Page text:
Iran veered closer towards the possibility of being slapped with tough new international sanctions on Monday after its president refused to stop enriching uranium and the U.N. nuclear watchdog warned of a “stalemate” with the country.
President Mahmoud Ahmadinejad said Tehran is ready to talk with world powers about unspecified “global concerns” -- but he insisted his government will neither halt uranium enrichment nor negotiate over its nuclear rights.
“From our point of view, Iran’s nuclear issue is over,” Mr. Ahmadinejad declared in Tehran. International Atomic Energy Agency chief Mohamed ElBaradei urged Iran to “substantively re-engage” with the international community and clear up questions about its nuclear ambitions once and for all.
“Iran needs to respond fully to all the questions raised by the agency in order to exclude the possibility of there being military dimensions to its nuclear program,” Mr. ElBaradei told the IAEA’s 35-nation board of governors on Monday.
Iran insists its nuclear program is peaceful. The United States and key allies contend it is covertly trying to build a bomb.
This week’s meeting in Vienna, and the upcoming U.N. General Assembly, could set the stage for a toughening of sanctions against Iran for its continued defiance of Western demands that it suspend uranium enrichment. Tehran already has defied three sets of U.N. Security Council sanctions.
President Barack Obama and European allies have given Iran until the end of September to take up an offer of nuclear talks with world powers and trade incentives should it suspend uranium enrichment activities. If not, Iran could face harsher punitive sanctions.
Mr. ElBaradei said on Monday he hoped such dialogue would begin as soon as possible, and he urged Iran “to respond positively to the recent U.S. initiative.”
France bristled at Mr. Ahmadinejad’s tough stance, saying the Iranian leader’s latest comments “are not going in a good direction.”
“We regret that Iran has not seized the occasion up to now, and we encourage it to do so if it wants to choose cooperation with the international community and not isolation,” French Foreign Ministry spokeswoman Christine Fages said.
Mr. ElBaradei acknowledged that Iran has provided IAEA inspectors access to a research reactor at Arak and has tightened security at its main nuclear facility in the southern city of Natanz.
But he said Iran is still enriching uranium, which can be used for nuclear fuel or -- if enriched to a high enough level -- can produce fissile material for a warhead.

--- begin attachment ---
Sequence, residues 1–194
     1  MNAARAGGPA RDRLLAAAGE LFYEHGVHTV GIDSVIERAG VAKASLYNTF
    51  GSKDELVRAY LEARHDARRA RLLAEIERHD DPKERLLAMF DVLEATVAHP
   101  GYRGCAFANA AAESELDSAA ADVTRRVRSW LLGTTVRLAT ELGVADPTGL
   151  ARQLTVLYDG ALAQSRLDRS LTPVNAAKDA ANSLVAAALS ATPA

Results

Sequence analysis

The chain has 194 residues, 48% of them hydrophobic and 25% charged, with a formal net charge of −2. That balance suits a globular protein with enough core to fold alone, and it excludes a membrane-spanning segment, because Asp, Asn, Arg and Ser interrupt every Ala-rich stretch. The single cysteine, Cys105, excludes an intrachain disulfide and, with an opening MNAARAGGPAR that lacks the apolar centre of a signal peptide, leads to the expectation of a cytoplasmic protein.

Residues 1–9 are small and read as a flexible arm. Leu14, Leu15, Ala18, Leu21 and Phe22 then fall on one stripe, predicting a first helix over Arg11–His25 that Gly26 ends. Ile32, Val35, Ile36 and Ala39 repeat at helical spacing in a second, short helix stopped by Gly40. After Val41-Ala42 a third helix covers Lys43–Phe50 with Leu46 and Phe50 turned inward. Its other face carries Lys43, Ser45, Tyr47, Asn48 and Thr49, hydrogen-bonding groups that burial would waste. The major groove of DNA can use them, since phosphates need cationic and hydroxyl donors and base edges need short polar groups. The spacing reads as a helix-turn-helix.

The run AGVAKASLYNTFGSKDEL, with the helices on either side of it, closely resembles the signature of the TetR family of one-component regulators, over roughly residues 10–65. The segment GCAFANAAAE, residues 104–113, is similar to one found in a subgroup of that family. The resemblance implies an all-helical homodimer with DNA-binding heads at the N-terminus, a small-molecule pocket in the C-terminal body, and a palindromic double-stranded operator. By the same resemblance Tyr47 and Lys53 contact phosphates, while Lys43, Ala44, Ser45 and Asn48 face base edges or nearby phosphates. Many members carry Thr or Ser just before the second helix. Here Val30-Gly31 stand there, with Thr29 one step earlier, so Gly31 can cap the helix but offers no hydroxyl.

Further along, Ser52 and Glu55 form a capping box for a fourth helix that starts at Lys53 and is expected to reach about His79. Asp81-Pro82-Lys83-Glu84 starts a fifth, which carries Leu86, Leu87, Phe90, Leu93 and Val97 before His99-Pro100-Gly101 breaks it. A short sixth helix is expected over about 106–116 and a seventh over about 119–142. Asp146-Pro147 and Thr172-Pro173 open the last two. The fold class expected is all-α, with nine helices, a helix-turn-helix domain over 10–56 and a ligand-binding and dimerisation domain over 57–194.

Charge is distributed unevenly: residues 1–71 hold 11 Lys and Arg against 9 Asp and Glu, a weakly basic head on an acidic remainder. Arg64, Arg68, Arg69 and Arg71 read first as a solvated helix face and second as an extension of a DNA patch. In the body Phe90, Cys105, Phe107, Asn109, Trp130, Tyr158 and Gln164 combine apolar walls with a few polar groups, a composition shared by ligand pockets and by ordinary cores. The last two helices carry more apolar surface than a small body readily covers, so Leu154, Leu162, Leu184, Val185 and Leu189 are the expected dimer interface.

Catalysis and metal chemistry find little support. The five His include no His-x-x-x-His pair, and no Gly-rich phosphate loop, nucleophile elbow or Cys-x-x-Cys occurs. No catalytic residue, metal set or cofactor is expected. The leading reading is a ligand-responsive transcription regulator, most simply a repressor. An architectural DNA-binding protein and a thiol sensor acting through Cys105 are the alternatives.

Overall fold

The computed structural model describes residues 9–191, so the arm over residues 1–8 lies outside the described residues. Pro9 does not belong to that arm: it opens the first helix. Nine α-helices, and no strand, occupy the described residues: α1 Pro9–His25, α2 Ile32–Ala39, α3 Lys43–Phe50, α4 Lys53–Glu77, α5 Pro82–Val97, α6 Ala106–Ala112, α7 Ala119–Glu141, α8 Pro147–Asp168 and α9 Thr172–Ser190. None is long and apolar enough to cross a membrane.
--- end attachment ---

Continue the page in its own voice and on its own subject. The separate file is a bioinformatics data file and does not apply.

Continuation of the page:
“On all other issues relevant to Iran’s nuclear program ... there is (a) stalemate,” Mr. ElBaradei told the IAEA board.
“It is essential that Iran substantively re-engage with the agency to clarify and bring to closure all outstanding issues,” he said. Mr. ElBaradei also urged Iran anew to sign an agreement that would let his inspectors conduct unannounced and more intrusive inspections.
Mohammad Saeedi, deputy head of the Atomic Energy Organization of Iran, said his country has provided the IAEA with all the information it needs and that it was now up to the agency to act.
“In our view, we believe that the agency should finalize the outstanding questions,” Mr. Saeedi said.
Mr. Saeedi said Iran has also “cooperated widely” with the IAEA to improve safeguard measurements at Natanz and “voluntarily” provided U.N. nuclear inspectors access to its Arak site.
ElBaradei sharply criticized recent media reports suggesting that his office has held back some of the intelligence it has collected on Iran. He said he was “dismayed” by the notion, and denounced the reports as “politically motivated and totally baseless.”
Last week, French Foreign Minister Bernard Kouchner asked ElBaradei to publish additional material held by the agency related to Iran’s nuclear program, according to French media reports.
ElBaradei also criticized Syria for failing to disclose details about a desert site bombed by Israel in 2007.
“Syria has not cooperated with the agency to confirm Syria’s statements regarding the non—nuclear nature of the destroyed building on the Dair Alzour site, nor has it provided the required access to information, locations, equipment or materials,” he said.
ElBaradei had a terse assessment of North Korea, which conducted its second nuclear test eplosion in May. The IAEA pulled out its inspectors after North Korea suspended all cooperation with the IAEA in April, and since has been unable to monitor or verify Pyongyang’s nuclear activities.
“I therefore have nothing to report to the board,” he said.
Ahmadinejad said Iran will present a package of proposals to the five permanent members of the Security Council plus Germany but rejected any deadline for such talks.
The hard—liner didn’t specify what will be up for discussion -- or if it would even involve its disputed nuclear program -- but vaguely said Iran has prepared a package of proposals that would “identify challenges facing humanity ... and resolve global concerns.”
Mr. Ahmadinejad said Iran will continue to cooperate with the IAEA over regulations on safeguards but it will resist the agency should it be influenced by political pressures.